Without a reliable car, Christal Simmons wouldn’t be able to get to work, let alone take her three sons to school, doctor’s appointments and church.
Then Simmons learned about Community Auto in Pine Township. On Monday, she purchased a low-cost vehicle from the organization.
“I’ve never had a reliable vehicle. It is so freeing to be able to walk out the door and know my car is going to start, and that it is mine,” said Simmons, a single mother who lives in White Township, Beaver County. Simmons has three sons, ages 4, 7 and 10.
CA is one of the programs that operates under the umbrella of North Hills Community Outreach. NHCO assumed ownership of the nonprofit in early 2010, according to Executive Director Faye Morgan.
CA was founded and operated by a small group of community volunteers in 2003. NHCO began assisting CA in 2005. It made sense, said Morgan, for NHCO to assume the program in 2010 to ease the burden on the volunteers and use the name recognition of NHCO to help in soliciting car donations and funding.
Since NHCO assumed ownership, Community Auto has sold 109 cars at very low cost to families and individuals with lower incomes.
Community Auto is housed in the building owned by and next-door to Hub Cap City on Route 19 in Wexford. Ed Holdcroft, owner of Hub Cap City, also serves as Community Auto's car consultant. He was an early volunteer with the program, and he evaluates cars that are donated to CA and performs what Morgan referred to as “car triage.”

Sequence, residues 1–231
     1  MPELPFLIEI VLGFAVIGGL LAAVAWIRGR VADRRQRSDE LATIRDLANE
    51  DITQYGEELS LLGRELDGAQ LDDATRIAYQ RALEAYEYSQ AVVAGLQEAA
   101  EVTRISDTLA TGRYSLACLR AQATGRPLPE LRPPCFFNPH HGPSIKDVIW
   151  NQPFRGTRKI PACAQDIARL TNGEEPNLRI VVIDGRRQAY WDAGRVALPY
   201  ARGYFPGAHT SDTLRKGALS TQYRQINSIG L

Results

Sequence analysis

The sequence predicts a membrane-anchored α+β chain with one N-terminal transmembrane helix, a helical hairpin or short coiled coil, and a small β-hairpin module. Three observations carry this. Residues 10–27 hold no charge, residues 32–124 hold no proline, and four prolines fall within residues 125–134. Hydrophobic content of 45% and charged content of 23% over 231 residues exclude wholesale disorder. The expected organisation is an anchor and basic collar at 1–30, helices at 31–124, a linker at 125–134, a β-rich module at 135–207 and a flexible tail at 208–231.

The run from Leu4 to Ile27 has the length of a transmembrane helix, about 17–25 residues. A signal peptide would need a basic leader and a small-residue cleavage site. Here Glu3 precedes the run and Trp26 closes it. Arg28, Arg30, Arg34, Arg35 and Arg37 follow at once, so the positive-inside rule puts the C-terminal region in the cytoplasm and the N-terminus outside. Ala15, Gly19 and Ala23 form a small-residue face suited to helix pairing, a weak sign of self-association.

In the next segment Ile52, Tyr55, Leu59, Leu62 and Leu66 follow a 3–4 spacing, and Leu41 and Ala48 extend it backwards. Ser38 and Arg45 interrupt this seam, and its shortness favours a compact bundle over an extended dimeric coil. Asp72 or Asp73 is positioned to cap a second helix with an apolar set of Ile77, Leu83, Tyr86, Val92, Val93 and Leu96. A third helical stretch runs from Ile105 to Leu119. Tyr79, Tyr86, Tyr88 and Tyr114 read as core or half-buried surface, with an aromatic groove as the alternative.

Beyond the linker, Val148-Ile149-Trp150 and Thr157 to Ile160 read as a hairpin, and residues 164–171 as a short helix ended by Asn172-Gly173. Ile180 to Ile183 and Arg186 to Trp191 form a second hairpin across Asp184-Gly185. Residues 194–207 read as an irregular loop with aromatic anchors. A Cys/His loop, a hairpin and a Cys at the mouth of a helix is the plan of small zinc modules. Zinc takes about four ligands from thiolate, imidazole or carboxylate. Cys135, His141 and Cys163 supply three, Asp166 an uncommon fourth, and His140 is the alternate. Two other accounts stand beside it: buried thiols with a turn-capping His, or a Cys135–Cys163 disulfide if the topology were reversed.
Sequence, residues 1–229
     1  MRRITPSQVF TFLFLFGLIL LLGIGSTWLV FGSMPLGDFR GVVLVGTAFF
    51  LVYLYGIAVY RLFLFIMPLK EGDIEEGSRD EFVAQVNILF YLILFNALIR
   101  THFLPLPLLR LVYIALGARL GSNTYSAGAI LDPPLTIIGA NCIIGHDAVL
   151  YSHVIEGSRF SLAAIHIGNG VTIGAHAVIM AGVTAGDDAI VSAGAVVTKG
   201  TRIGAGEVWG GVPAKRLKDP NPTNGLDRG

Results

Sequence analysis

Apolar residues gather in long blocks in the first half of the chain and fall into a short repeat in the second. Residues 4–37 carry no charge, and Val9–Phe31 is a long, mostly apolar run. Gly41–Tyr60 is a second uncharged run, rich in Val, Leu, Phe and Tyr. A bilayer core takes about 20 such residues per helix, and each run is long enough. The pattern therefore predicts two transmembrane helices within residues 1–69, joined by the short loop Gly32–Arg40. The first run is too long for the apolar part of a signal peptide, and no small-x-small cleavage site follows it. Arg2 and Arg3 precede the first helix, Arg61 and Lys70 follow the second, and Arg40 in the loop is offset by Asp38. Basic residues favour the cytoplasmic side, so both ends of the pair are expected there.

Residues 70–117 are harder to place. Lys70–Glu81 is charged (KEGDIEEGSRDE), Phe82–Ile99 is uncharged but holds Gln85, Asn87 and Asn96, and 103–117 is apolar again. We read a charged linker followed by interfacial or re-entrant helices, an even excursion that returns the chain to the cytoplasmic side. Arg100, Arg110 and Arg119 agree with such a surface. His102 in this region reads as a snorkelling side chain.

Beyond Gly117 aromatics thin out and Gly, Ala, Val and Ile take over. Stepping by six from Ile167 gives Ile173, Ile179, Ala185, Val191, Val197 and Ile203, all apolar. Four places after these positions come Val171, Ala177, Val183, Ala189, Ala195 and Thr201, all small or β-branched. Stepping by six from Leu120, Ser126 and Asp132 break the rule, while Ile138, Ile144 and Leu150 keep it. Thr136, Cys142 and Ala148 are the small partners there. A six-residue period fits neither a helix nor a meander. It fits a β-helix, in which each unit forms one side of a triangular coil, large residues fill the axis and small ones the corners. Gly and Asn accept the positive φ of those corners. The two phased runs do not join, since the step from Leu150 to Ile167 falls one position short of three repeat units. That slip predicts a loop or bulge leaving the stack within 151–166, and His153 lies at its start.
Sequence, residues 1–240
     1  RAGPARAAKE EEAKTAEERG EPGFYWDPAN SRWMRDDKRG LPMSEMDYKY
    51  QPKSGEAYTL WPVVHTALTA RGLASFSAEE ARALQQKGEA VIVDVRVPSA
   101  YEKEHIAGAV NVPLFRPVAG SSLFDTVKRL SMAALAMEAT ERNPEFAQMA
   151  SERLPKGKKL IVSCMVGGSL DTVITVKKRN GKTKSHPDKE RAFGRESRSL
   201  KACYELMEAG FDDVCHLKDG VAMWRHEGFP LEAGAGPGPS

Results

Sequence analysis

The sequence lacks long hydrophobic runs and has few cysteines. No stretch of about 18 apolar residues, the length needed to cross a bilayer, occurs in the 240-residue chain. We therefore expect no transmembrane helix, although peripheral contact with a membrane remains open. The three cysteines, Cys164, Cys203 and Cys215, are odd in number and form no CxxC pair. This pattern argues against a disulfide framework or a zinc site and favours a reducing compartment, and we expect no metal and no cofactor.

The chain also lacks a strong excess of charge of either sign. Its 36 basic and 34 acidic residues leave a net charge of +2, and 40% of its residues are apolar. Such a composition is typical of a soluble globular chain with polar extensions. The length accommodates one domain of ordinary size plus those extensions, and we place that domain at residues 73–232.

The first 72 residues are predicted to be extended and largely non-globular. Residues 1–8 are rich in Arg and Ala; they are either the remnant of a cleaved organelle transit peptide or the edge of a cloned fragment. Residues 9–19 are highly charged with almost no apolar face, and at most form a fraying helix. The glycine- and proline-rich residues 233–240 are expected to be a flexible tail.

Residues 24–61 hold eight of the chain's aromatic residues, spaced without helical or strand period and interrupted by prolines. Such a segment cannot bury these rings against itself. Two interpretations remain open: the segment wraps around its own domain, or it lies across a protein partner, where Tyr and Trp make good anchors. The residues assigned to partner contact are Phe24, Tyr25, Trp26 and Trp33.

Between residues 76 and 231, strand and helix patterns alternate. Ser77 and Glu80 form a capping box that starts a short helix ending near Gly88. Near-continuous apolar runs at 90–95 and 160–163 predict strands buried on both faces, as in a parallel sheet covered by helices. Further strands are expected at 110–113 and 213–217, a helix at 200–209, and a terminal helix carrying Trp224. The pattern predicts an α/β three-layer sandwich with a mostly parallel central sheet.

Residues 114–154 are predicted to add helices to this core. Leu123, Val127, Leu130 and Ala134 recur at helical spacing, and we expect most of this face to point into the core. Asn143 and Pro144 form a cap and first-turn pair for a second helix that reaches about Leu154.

Every car donated is used in some fashion, Holdcroft explained.
“I look them over to see what they need—see if we can take them to one of our garages to fix for a client car, if we can take it to auction to sell or if we need to scrap it,” said Holdcroft.
Holdcroft looks at his role as not only using his professional skills after 35 years in the automotive industry, but as a way of serving his community as a Pine Township supervisor.
“We work with the people in Pine and nearby areas. This program is important to our area,” he said.
Money earned from a car sold at auction or scrap is used to fund the program, Morgan said.
Community Auto's manager, Elizabeth Edwards, said the program needs donated cars, as it currently has only two on the lot.
“We have 15 people ready to buy and 33 on the list to take the workshop, and then they will be ready to buy,” she said.
Edwards referred to the car care workshop clients are required to attend after they meet other program requirements. To be eligible to purchase the low-cost vehicles, clients have to either have a job offer “in hand” or be employed for at least 25 hours a week. Clients also must meet criteria for income level, and they must have saved $2,200 to be able to purchase the car.
“We sell the cars at 30 to 40 percent below market value, plus they have a six-month warranty, an AAA membership, car seats if they need them and a full tank of gas,” she said.
Most of the clients are from Allegheny County, while a few, like Simmons, come from surrounding counties.
“We don’t have bus lines to a lot of places here in the North Hills,” said Morgan, “The cars have made it possible for them to get to the jobs, work shift work and in some cases, receive promotions that require them traveling to other areas or locations.”
While most of the programs offered through NHCO offer what Morgan said is “a little bit of help to a lot of people,” the Community Auto program offers “a lot of help to a small number.”
That help can be life-changing.
“With these cars, our clients can get a job, keep a job and maybe get a better job. That makes a world of difference to these families,” said Morgan.
“When I was telling a friend about my new car, I started crying,” she said, “I can’t believe it is mine.”